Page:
Book 116: Horimiya, vol 1, by HERO. Light romance manga, because I've been enjoying that lately. Two high-school students discovering hidden sides that they don't show to their classmates, and bonding over that. Also, I'm happy to see that there are apparently several more volumes coming for this.

Book 117: Kiss Him, Not Me, vol 1, by Junko. Romantic satire, about a young girl who suddenly becomes attractive to a harem of boys, when all she really wants to see is them embarking on a school-aged gay romance. Also probably some commentary on the shallowness of the boys who are suddenly falling over her once she loses some weight (and her glasses, oddly enough). Amusing enough that I'll definitely check out the next one at least.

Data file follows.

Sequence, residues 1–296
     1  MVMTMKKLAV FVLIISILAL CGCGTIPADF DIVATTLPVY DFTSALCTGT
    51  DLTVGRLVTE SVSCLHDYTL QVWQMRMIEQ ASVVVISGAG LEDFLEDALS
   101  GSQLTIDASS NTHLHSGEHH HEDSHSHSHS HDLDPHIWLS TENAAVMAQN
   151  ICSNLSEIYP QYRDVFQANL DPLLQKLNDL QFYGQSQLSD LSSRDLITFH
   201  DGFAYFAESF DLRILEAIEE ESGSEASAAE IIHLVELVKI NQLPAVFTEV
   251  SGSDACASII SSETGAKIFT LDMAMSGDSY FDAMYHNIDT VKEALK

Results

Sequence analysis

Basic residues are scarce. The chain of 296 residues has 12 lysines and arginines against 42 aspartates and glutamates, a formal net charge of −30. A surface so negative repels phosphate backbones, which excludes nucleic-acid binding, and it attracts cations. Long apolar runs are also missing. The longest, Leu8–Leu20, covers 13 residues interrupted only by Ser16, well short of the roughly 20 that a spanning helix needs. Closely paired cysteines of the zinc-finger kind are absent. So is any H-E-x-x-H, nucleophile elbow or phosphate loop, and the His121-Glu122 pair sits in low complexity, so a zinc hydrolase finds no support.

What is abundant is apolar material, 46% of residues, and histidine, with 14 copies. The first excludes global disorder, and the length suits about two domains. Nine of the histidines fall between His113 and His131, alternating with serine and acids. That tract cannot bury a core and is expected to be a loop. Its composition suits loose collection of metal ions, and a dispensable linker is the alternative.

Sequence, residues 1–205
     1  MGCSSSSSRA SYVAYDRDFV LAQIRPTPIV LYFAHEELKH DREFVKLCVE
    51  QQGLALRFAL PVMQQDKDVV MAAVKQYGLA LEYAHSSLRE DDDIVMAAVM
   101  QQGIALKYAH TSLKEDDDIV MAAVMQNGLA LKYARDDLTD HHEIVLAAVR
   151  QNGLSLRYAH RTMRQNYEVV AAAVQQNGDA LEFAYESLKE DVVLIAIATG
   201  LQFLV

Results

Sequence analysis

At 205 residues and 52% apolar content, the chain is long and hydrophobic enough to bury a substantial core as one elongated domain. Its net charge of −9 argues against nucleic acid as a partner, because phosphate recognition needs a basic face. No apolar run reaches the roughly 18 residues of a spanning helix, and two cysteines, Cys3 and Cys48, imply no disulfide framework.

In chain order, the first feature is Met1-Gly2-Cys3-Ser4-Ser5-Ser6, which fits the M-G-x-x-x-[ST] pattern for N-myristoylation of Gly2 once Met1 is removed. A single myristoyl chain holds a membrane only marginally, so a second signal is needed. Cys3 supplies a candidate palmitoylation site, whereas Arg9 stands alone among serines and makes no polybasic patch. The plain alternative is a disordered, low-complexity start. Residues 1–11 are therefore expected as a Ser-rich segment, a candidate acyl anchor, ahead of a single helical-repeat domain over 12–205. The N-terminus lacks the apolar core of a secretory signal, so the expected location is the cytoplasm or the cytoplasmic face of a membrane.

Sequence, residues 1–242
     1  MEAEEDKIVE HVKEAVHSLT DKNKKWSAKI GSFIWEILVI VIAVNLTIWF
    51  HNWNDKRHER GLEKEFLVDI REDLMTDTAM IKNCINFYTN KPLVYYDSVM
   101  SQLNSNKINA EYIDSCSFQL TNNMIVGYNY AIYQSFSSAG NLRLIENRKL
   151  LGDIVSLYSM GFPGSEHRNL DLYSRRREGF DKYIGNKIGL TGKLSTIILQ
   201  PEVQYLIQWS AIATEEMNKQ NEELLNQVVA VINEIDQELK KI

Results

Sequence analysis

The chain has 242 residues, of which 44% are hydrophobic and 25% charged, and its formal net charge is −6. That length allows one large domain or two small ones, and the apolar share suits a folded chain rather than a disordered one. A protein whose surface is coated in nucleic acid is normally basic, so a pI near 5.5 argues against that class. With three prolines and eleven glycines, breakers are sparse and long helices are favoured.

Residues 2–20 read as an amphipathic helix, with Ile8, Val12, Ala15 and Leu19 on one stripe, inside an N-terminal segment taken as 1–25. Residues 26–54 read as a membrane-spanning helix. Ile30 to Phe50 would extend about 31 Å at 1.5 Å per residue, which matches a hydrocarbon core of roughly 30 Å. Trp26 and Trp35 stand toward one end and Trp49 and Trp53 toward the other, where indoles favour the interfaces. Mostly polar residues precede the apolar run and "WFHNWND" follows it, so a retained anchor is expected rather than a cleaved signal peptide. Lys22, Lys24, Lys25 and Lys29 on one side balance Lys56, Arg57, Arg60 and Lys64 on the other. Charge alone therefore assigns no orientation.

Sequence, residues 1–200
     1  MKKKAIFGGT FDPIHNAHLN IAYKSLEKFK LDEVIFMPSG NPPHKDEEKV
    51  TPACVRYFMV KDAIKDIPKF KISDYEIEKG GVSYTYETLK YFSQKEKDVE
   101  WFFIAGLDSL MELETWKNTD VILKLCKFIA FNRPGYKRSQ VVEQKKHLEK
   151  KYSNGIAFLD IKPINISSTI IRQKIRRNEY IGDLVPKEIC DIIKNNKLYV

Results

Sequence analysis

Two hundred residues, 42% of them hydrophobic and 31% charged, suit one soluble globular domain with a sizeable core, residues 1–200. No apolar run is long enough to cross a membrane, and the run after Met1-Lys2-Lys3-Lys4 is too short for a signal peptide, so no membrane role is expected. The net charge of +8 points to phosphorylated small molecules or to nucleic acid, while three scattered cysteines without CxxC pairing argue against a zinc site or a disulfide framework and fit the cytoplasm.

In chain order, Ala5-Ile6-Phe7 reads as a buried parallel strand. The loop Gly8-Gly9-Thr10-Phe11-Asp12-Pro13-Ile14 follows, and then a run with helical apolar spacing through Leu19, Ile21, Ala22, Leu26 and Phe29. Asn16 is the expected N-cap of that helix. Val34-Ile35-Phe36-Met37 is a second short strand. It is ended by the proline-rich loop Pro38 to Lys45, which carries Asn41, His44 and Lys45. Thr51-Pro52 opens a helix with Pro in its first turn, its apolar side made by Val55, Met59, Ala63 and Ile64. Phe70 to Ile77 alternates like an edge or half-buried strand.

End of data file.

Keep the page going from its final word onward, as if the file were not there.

Book 118: Golden Time, vol 1, by Yuyuko Takemiya. This didn't quite do it for me; I was hoping for more of the broken love triangle, and the story really wants to focus on the tragic amnesia of the main character.

Book 119: Shadows of Self, by Brandon Sanderson. I'm vaguely disappointed that this is the book in this group that I'm the least excited by; I think it's because it's competent adventure, but I just want a bit more, and I know Sanderson _can_ write that, but he just hasn't here. Maybe something that acknowledges the problem of vigilante allomantic justice, which gets kind of glossed over here. (Well, apart from a brief newspaper clipping complaining of damages from mistings bounding through the city... I wonder, does whatever insurance concerns the city has apply to the offenders for relief from claims? Especially when one is such a prominant Lord...) Also, the hook at the end seems to be more Cosmere stuff, and I'm still pretty cool towards that; I wish he'd just write that book, rather than just keep hinting at things.

Current Mood: awake awake

Leave a thought